We tend to forget about spam these days because Google and Microsoft have done a decent job hiding spam from immediate view of our inboxes. And while that is generally a good thing, all it takes is a single email that you mistakenly click on and you have brought an attack inside your organization. It is easy to see why we make these mistakes: the phishers spend a lot of time trying to fool us, by using the same fonts and page layout designs to mimic the real sites (such as your bank), so that you will login to their page and provide your password to them.

Phishing has gotten more sophisticated, just like other malware attacks. There are now whaling attacks that look like messages coming from the CFO or HR managers, trying to convince you to move money. Or spear phishing where a criminal is targeting someone or some specific corporation to trick the recipient into acting on the message. Attackers try to harvest a user’s credentials and use them for further exploits, attach phony SSL certificates to their domains to make them seem more legitimate, use smishing-based social engineering methods to compromise your cell phone, and create phony domains that are typographically similar to a real business. And there are automated phishing construction kits that can be used by anyone with a minimal knowledge to create a brand new exploit. All of these methods show that phishing is certainly on the rise, and becoming more of an issue for everyone.

Yes, organizations can try to prevent phishing attacks through a series of defenses, including filtering their email, training their users to spot bogus messages, using more updated browsers that have better detection mechanisms and other tools. But these aren’t as effective as they could be if users had more information about each message that they read while they are going through their inboxes.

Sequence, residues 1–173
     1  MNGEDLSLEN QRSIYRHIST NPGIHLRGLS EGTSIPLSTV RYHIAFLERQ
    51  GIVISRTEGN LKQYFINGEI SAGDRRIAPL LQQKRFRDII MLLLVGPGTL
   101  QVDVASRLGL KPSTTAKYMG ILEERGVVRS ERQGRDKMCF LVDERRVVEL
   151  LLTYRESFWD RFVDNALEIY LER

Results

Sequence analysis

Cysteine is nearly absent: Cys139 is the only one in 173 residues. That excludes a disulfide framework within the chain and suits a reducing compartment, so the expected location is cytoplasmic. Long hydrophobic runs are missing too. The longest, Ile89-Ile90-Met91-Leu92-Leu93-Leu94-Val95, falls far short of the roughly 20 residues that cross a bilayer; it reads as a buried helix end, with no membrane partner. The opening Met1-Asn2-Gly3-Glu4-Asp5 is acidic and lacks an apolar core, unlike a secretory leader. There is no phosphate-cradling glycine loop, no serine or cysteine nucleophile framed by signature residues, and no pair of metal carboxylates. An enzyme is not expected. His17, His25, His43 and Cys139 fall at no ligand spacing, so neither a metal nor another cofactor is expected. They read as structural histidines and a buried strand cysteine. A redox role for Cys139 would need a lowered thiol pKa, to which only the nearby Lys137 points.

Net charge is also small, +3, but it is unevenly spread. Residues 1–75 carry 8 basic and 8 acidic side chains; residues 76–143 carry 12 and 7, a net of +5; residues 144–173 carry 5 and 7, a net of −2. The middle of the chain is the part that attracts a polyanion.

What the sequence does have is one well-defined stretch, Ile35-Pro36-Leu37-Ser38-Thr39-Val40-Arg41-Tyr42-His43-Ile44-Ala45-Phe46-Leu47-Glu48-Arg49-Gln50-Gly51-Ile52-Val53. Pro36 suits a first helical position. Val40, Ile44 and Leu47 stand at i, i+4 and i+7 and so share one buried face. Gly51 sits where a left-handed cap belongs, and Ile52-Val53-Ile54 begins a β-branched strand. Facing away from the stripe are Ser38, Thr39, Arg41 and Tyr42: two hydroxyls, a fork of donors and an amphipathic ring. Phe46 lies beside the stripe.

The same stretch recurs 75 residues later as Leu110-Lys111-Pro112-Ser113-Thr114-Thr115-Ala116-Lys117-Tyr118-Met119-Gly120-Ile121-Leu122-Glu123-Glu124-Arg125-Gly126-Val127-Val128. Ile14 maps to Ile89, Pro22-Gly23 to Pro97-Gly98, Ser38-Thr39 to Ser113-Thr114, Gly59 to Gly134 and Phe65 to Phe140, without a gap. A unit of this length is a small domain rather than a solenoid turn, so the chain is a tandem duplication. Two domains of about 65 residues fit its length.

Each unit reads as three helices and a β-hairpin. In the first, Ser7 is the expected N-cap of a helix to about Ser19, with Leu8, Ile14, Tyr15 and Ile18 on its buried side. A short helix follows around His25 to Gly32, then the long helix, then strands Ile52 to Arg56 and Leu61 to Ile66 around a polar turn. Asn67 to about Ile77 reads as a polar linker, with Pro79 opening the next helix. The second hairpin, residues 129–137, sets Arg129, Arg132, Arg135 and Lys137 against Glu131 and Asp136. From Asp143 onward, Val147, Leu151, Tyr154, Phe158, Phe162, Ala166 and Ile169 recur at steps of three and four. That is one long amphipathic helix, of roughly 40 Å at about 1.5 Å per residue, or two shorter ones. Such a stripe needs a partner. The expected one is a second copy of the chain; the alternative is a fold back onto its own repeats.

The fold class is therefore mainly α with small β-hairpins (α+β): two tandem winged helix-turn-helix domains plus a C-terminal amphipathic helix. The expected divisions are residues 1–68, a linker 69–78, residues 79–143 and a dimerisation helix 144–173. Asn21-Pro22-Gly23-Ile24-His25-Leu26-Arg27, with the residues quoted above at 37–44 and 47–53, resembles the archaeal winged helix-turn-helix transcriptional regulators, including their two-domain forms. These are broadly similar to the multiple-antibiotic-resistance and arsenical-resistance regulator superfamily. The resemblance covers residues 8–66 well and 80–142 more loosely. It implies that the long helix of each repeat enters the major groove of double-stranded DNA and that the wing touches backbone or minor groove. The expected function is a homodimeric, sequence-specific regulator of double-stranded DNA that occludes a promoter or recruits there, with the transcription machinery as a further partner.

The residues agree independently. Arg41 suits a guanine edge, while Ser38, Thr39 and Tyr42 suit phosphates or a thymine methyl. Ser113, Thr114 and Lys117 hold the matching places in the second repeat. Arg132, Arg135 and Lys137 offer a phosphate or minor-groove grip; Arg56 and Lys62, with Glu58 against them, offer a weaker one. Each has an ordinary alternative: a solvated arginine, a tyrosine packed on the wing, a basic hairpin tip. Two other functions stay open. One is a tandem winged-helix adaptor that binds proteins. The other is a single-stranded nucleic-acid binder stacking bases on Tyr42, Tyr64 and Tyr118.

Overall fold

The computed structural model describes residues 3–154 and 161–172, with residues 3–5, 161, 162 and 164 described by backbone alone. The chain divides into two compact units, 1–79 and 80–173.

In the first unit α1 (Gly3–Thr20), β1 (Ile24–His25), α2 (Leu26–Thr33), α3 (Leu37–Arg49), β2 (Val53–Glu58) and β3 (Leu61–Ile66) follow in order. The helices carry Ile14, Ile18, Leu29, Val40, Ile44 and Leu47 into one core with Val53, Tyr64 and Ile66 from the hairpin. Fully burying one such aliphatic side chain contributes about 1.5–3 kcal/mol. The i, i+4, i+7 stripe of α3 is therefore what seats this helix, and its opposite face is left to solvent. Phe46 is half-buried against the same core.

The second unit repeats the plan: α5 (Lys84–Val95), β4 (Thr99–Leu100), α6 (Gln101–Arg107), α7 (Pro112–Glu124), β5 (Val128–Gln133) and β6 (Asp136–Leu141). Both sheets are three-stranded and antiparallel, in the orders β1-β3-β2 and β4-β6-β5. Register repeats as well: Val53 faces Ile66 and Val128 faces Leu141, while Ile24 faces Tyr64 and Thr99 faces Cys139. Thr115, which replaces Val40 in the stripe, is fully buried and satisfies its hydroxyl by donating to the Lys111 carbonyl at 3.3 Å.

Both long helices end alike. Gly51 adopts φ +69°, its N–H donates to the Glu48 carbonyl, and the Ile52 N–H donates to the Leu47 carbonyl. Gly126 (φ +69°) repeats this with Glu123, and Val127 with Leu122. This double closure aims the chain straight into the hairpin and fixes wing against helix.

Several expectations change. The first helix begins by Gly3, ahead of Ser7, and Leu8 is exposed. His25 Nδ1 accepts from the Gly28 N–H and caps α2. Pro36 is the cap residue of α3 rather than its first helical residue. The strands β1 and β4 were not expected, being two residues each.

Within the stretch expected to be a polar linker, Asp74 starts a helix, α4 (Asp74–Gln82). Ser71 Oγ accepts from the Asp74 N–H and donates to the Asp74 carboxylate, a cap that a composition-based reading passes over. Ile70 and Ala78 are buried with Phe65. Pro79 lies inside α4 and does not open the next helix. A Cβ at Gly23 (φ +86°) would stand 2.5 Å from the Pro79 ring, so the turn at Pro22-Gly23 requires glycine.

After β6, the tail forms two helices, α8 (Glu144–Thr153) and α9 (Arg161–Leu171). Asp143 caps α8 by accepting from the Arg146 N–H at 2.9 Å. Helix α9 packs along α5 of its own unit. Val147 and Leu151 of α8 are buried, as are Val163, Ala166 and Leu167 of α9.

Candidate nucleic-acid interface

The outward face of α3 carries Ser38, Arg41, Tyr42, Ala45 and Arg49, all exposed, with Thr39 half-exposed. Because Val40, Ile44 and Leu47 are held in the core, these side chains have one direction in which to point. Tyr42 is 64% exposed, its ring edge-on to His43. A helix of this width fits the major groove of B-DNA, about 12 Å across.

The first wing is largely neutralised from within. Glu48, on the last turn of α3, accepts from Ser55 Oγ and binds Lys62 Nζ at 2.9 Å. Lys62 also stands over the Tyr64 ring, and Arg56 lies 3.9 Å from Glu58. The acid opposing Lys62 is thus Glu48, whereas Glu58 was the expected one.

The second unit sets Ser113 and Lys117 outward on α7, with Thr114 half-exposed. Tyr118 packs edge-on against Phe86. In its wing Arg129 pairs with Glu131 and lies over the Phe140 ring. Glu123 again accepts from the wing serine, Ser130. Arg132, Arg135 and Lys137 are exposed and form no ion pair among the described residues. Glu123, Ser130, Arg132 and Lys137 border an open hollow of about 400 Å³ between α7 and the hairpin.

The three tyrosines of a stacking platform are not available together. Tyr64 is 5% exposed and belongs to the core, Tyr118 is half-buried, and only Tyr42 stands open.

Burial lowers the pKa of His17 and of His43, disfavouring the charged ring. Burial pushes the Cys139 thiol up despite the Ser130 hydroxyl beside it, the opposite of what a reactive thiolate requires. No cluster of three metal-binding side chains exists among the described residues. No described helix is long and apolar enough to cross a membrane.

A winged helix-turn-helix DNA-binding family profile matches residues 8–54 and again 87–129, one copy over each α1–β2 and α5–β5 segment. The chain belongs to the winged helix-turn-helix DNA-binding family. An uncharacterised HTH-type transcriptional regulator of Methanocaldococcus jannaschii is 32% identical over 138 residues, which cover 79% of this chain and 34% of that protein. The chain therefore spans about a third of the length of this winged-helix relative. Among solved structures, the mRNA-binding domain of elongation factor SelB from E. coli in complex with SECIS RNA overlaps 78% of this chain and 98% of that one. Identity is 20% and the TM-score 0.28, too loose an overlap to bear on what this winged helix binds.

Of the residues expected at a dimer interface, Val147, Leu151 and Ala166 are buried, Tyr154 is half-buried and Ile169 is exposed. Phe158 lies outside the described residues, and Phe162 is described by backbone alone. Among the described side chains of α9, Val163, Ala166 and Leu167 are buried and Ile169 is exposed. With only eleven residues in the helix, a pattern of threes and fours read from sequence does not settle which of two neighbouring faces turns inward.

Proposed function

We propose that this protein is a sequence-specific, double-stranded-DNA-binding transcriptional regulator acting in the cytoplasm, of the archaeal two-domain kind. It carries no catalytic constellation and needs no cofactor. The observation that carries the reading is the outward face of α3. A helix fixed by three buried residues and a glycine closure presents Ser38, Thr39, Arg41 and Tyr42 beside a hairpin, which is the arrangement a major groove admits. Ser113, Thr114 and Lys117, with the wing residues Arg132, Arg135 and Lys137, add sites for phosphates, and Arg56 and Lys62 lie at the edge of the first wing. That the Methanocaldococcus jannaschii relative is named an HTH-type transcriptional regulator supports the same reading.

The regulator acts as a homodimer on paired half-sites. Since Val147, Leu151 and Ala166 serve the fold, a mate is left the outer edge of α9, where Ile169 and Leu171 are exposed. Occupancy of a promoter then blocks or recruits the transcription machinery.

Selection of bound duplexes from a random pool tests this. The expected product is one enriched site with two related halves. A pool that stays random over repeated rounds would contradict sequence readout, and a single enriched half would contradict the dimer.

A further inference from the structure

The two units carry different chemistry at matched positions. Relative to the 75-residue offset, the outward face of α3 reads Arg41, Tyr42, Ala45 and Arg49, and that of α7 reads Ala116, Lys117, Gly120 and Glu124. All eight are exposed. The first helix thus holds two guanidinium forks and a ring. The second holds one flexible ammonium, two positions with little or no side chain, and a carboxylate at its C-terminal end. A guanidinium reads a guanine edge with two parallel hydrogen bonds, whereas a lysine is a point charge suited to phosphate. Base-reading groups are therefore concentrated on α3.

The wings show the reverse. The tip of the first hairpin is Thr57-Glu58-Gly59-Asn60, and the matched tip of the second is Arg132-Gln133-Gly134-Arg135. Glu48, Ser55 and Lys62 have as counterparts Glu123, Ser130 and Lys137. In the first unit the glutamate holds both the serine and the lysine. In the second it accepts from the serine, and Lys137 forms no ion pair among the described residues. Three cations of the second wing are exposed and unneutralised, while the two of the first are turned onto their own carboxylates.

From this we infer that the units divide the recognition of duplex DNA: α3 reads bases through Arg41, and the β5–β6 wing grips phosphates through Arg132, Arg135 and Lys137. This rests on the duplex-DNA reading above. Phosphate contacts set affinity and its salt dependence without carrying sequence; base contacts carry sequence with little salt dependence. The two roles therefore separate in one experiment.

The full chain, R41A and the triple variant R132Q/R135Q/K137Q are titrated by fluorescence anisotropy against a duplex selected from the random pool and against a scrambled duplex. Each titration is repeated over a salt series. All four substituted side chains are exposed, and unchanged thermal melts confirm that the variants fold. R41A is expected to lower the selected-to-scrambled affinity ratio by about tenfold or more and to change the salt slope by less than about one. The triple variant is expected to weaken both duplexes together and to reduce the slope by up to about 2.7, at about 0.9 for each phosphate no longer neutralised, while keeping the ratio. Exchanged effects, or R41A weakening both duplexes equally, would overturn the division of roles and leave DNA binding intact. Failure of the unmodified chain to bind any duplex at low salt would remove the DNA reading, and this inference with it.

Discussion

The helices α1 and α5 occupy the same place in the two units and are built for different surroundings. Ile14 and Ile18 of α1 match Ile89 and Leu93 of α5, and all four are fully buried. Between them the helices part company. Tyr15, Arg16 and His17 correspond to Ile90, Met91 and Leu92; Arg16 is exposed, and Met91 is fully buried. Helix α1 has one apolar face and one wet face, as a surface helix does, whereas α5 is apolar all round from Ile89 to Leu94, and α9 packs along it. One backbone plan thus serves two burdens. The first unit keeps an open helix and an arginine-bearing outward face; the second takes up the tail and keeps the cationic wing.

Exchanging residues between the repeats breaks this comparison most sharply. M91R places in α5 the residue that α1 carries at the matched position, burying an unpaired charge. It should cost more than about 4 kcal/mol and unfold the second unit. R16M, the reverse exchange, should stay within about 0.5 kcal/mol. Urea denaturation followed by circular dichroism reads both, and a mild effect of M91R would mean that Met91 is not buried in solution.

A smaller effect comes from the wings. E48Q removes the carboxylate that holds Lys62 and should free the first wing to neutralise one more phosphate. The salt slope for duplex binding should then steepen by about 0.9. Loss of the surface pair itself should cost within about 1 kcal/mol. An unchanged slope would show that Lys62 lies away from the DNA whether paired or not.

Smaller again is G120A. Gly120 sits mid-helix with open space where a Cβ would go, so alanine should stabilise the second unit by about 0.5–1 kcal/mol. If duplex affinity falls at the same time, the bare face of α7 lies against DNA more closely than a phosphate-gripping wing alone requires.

There is a new product that does exactly that, called Inky Phish Fence. They asked me to evaluate it and write about it. I think it is worth your time. It displays warning messages as you scroll through your emails, as shown here.

There are both free and paid versions of Phish Fence. The free versions work with Outlook.com, Hotmail and Gmail accounts and have add-ins available both from the Google Chrome Store and the Microsoft Appsource Store. These versions require the user to launch the add-in proactively to analyze each message, by clicking on the Inky icon above the active message area. Once they do, Phish Fence instantly analyzes the email and displays the results in a pane within the message. The majority of the analysis happens directly in Outlook or Gmail so Inky’s servers don’t need to see the raw email, which preserves the user’s privacy.

The paid versions analyze every incoming mail automatically via a server process. Inky Phish Fence can be configured to quarantine malicious mail and put warnings directly in the bodies of suspicious mail. This means users don’t have to take any action to get the warnings. In this configuration, Outlook users can get some additional info by using the add-in, but all the essential information is just indicated inline with each email message.

I produced a short video screencast that shows the differences in the two versions and how Phish Fence works. And you can download a white paper that I wrote for Inky about the history and dangers of phishing and where their solution fits in. Check out Phish Fence and see if helps you become more vigilant about your emails.